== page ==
Search Images Maps Play YouTube News Gmail Drive More »
Sign in
Screen reader users: click this link for accessible mode. Accessible mode has the same essential features but works better with your reader.

Patents

  1. Advanced Patent Search
Publication numberUS6017057 A
Publication typeGrant
Application numberUS 09/039,345
Publication dateJan 25, 2000
Filing dateMar 13, 1998
Priority dateMar 13, 1998
Fee statusPaid
Also published asDE19911082A1, DE19911082B4
Publication number039345, 09039345, US 6017057 A, US 6017057A, US-A-6017057, US6017057 A, US6017057A
InventorsJames K. O'Docherty
Original AssigneeTrw Inc.
Export CitationBiBTeX, EndNote, RefMan
External Links: USPTO, USPTO Assignment, Espacenet
Inflatable vehicle occupant protection device
US 6017057 A
Abstract
An inflatable vehicle occupant protection device (14) includes a panel (56) and a patch (80) attached to the panel (56). The panel (56) has slits (62) defining inflation fluid vents. The patch (80) has slits (84) defining inflation vents in series with the vents in the panel (56).
Images(5)
Previous page
Next page
Claims(5)
Having described the invention, the following is claimed:
1. Apparatus comprising:
an inflatable vehicle occupant protection device including a panel and a patch attached to said panel;
said panel having slits defining inflation fluid vents;
said patch having slits defining inflation fluid vents aligned with and in series with said vents in said panel and;
each of said slits in said panel defining a free edge of a respective vent flap in said panel, each of said slits in said patch defining a free edge of a respective vent flap in said patch, said slits in said patch being arranged to extend generally co-extensively along said slits in said panel such that said vent flaps in said panel and said vent flaps in said patch are alike and are arranged in overlapping pairs.
2. Apparatus as defined in claim 1 wherein said patch is joined to said panel along a seam that encircles the vents in said panel and the vents in said patch.
3. Apparatus as defined in claim 1 wherein at least one of said vents is closed by a seam which is rupturable under the influence of a predetermined inflation fluid pressure force.
4. Apparatus as defined in claim 1 wherein said slits are configured as arcuate segments.
5. Apparatus as defined in claim 4 wherein said slits are arranged in a plurality of concentric arrays of circumferentially spaced arcuate segments.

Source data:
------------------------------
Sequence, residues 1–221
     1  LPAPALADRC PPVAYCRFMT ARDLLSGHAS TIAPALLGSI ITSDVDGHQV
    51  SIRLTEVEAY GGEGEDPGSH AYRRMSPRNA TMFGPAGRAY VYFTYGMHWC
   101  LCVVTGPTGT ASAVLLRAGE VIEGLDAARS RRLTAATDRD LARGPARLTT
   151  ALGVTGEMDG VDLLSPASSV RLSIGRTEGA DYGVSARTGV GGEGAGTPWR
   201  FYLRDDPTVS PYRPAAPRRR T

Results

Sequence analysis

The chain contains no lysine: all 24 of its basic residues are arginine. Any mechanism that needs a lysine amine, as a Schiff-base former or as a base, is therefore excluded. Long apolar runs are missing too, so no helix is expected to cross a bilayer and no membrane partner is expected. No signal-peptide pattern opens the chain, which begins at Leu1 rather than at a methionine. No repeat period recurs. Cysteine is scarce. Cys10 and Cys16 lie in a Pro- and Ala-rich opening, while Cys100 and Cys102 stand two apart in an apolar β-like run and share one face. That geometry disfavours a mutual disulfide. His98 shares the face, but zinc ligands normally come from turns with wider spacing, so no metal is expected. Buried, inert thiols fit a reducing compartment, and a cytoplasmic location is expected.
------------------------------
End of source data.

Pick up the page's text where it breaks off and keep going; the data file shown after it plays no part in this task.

Description
FIELD OF THE INVENTION

The present invention relates to an inflatable vehicle occupant protection device with a fluid pressure relief valve.

BACKGROUND OF THE INVENTION

An inflatable vehicle occupant protection device, such as an air bag, is stored in a vehicle in a folded, uninflated condition at a location adjacent to the vehicle occupant compartment. When the air bag is to be inflated, inflation fluid is directed to flow from an inflator into the air bag. The fluid inflates the air bag from the folded, uninflated condition to an unfolded, inflated condition in which the air bag extends into the vehicle occupant compartment.

The inflating air bag engages an occupant of the vehicle to help protect the occupant from a forceful impact with parts of the vehicle. The manner in which the air bag engages the occupant is determined in part by the pressure of the inflation fluid in the air bag. Therefore, it is sometimes desirable to vent inflation fluid from the inflating air bag.

SUMMARY OF THE INVENTION

In accordance with the present invention, an inflatable vehicle occupant protection device includes a panel and a patch attached to the panel. The panel has slits defining inflation fluid vents. The patch has slits defining inflation fluid vents in series with the vents in the panel.

In a preferred embodiment of the present invention, the patch is joined to the panel along a seam that encircles the vents in the panel. The slits in the patch extend generally coextensively along the slits in the panel. Each slit in the panel defines a free edge of a respective vent flap in the panel. Each slit in the patch likewise defines a free edge of a respective vent flap in the patch. In this arrangement, the vent flaps in the panel and the vent flaps in the patch are alike and are arranged in overlapping pairs.